Each department can contribute to achieving this objective in various ways. For example, logistics, customer service, store personnel, digital teams, diversity officers, and finance teams all have roles to play in delivering exceptional customer experiences. Traditional ROI models often fail to capture the long-term benefits of these efforts, which is why a new framework that considers customer-centricity, diversity, and sustainability is essential.

How can businesses encourage innovation and fresh perspectives internally?

Encouraging reverse mentoring and creating opportunities for younger employees to have a voice in decision-making can provide fresh perspectives and help break free from traditional thinking. Younger generations often bring confidence and a different outlook that can challenge established norms and drive innovation.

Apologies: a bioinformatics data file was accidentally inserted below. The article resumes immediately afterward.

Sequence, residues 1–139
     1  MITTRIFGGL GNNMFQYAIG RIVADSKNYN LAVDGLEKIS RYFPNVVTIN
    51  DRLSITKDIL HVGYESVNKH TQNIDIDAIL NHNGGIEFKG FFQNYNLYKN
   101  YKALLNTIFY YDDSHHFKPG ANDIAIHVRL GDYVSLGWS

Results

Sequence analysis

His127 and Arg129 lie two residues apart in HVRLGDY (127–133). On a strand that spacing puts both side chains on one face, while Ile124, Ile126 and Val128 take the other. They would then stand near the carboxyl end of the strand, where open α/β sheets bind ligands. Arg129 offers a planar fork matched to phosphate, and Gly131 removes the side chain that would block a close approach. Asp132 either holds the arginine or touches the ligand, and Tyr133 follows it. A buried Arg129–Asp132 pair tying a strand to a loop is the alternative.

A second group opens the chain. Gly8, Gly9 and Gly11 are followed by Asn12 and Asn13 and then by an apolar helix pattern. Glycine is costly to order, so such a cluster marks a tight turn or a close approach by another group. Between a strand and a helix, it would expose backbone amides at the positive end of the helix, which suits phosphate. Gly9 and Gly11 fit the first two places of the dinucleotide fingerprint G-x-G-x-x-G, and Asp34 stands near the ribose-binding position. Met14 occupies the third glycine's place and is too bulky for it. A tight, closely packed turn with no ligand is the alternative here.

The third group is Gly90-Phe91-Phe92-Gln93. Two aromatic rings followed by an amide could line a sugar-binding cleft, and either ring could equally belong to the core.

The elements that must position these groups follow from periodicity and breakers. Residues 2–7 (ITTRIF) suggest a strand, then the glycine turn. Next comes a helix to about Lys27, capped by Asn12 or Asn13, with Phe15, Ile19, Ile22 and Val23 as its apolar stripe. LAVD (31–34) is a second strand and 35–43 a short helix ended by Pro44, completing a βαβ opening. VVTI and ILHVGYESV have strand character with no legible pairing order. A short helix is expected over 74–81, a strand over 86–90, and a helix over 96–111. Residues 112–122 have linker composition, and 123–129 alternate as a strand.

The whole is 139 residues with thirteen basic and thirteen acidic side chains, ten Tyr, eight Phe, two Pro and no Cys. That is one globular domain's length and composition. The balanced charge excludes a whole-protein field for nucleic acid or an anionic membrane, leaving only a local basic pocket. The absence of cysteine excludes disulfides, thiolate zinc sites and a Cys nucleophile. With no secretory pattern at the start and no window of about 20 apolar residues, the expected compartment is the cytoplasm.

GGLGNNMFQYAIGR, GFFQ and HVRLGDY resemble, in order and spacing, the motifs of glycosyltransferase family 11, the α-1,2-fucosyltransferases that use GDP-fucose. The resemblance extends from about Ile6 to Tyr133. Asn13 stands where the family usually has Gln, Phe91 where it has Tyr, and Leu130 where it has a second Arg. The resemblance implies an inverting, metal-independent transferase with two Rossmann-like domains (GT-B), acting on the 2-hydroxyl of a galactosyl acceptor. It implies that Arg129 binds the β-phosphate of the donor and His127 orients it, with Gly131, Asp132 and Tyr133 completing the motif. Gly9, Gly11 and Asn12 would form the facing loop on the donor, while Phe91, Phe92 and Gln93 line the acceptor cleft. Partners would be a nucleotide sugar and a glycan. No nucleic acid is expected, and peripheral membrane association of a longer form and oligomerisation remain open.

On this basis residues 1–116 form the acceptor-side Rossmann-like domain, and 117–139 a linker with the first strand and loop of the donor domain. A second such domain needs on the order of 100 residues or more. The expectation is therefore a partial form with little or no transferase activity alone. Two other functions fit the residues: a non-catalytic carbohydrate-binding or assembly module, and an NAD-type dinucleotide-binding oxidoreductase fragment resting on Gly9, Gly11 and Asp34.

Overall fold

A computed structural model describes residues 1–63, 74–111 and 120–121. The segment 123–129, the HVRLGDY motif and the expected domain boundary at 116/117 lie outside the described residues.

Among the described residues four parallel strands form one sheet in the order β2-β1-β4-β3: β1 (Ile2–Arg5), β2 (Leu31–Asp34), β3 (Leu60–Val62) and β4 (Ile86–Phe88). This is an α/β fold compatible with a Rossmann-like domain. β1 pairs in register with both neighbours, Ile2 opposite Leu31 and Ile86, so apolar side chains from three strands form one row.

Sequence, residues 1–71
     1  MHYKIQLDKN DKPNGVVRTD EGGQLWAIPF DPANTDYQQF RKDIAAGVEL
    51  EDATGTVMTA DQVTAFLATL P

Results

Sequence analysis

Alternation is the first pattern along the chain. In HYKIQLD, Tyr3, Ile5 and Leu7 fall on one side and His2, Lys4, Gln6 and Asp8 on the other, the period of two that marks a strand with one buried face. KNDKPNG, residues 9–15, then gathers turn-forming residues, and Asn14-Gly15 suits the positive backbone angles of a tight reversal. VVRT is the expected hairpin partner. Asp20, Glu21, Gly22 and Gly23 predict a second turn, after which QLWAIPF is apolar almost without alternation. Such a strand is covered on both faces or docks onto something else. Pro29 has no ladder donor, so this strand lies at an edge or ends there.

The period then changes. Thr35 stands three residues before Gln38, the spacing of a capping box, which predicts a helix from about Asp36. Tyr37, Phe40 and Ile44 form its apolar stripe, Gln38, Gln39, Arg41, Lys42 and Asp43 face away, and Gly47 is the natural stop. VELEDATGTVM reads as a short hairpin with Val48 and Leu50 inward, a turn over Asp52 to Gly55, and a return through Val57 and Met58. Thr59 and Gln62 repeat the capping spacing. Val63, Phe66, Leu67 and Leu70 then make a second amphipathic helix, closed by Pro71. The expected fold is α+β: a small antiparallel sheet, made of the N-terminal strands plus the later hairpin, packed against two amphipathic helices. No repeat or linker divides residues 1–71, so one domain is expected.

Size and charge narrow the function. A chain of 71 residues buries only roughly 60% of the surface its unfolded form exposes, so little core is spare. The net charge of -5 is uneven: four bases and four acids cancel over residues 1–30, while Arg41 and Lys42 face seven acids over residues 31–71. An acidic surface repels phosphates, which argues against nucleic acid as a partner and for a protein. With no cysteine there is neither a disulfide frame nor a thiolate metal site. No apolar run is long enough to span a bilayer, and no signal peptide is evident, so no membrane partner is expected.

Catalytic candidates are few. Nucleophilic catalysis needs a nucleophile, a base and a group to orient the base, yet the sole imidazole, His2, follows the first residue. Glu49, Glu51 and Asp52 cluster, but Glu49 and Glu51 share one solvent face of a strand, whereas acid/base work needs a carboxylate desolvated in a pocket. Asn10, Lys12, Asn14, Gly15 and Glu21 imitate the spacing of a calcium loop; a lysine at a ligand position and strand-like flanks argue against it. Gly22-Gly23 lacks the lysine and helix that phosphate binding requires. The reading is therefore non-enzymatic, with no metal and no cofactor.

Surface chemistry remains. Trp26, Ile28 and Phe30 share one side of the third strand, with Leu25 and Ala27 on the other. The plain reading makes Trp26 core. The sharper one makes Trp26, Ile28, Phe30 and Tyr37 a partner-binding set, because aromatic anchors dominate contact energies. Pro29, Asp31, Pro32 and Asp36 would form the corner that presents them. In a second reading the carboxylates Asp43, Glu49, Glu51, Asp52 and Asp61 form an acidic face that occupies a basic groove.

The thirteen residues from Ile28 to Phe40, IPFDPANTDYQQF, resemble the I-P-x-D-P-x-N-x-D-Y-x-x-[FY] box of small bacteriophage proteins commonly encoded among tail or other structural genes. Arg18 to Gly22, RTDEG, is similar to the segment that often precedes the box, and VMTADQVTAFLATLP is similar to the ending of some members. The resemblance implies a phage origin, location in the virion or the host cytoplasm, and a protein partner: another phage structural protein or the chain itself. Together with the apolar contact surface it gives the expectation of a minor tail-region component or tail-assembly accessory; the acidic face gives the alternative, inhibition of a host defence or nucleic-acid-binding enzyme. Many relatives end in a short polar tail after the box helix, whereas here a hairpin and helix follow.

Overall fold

Fostering customer loyalty and transforming a business’s culture and measurement methods require strong leadership, a shared North Star, and a holistic approach that recognises the value of diverse perspectives and sustainable practices. This shift from a cost-centric mindset to a customer-centric one is essential for long-term success in today’s competitive landscape.

What are your future plans?

These days, I concentrate on what I enjoy and where I can make a positive impact. My focus has always been to deliver outcomes and value to clients. This approach has worked well for me, allowing me to stay flexible and keep various aspects of my career moving forward.
As for the future, I’m still figuring out the last part of my career. I’m not planning to retire anytime soon, but I’m open to evolving my roles. I want to continue doing things I enjoy, striking a balance between making a living and making a difference.

Download: ebook: Measuring ROI in retail.